Permit me to add that it is a very serious criminal offense to attempt to import your bear with or without a permit at this time. Just don’t do it! We still have a 4-point strategy to get your bear in and your childrens’ as well.

Interim Final Rule

 The Service simultaneously published a special rule, 73 FR 28306 (May 15, 2008). It allows continued subsistence uses of polar bear in Alaska because that take and use is exempt under both the ESA and MMPA. It is limited to Alaskan natives. The special rule states “Under…the MMPA, it is unlawful to import…an individual taken from a species or population stock designated as depleted….The statutory provisions of the MMPA allow fewer types of activities than does the ESA for threatened species, and the MMPA’s standards are generally stricter.…Section 9(c)(2) of the ESA sets out an exemption to the general import prohibition for threatened, Appendix II wildlife…(which) would typically apply to the import of sport hunted trophies…However, persons importing sport-hunted trophy polar bears that were taken in Canada will not be able to use this exemption…(because) [u]nder the MMPA…the polar bear are ‘depleted’ species as of the effective date of their listing as threatened…under the ESA….” It goes on to state that the ESA cannot “override the more restrictive provisions of the MMPA.” It should be noted that reform legislation to carry the ESA exemption for trophies over to the MMPA would once again permit import of trophies from Canada. The Rule also points out that depleted species (those listed as threatened under the ESA) also are not eligible for public display permits.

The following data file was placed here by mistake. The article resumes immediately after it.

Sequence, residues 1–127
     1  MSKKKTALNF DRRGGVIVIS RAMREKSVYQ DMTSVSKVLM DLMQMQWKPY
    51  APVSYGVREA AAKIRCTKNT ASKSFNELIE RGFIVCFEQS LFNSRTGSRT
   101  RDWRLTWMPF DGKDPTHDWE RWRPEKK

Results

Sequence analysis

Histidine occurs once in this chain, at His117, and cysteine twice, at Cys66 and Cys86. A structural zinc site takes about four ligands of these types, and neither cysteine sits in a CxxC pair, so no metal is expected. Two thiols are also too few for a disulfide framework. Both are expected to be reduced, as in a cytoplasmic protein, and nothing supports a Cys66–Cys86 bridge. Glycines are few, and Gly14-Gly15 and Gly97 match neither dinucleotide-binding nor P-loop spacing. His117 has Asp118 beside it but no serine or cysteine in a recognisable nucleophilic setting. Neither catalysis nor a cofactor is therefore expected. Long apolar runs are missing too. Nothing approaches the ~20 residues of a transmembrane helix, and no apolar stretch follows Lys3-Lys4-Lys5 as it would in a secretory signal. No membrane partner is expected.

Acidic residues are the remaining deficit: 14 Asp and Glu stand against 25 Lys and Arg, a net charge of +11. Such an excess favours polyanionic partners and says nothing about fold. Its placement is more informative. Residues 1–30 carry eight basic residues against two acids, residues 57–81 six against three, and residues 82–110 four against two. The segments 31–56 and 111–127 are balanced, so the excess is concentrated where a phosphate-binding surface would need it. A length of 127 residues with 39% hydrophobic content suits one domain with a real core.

New Litigation Claims

 The three plaintiffs served a 60-day notice of intent to sue the government and also amended their suit to make multiple new claims on the date of publication of the final rule, 15 May. They claim all polar bear should have been listed as endangered or, alternatively, some of the populations are distinct populations and those should have been listed as endangered. They challenge the continued petroleum drilling, greenhouse gases, subsistence uses and harvests, and generally challenge the government’s tack that the ESA is not to be used to regulate the underlying causes of ice melt and climate change. The court will now decide. Moreover, the service can’t go back on its findings that the best available scientific information supports the listing at this time. All due respect to President Bush, unelected regulators and courts will decide the impact of the listing upon the American public, as they already have upon our Canadian friends.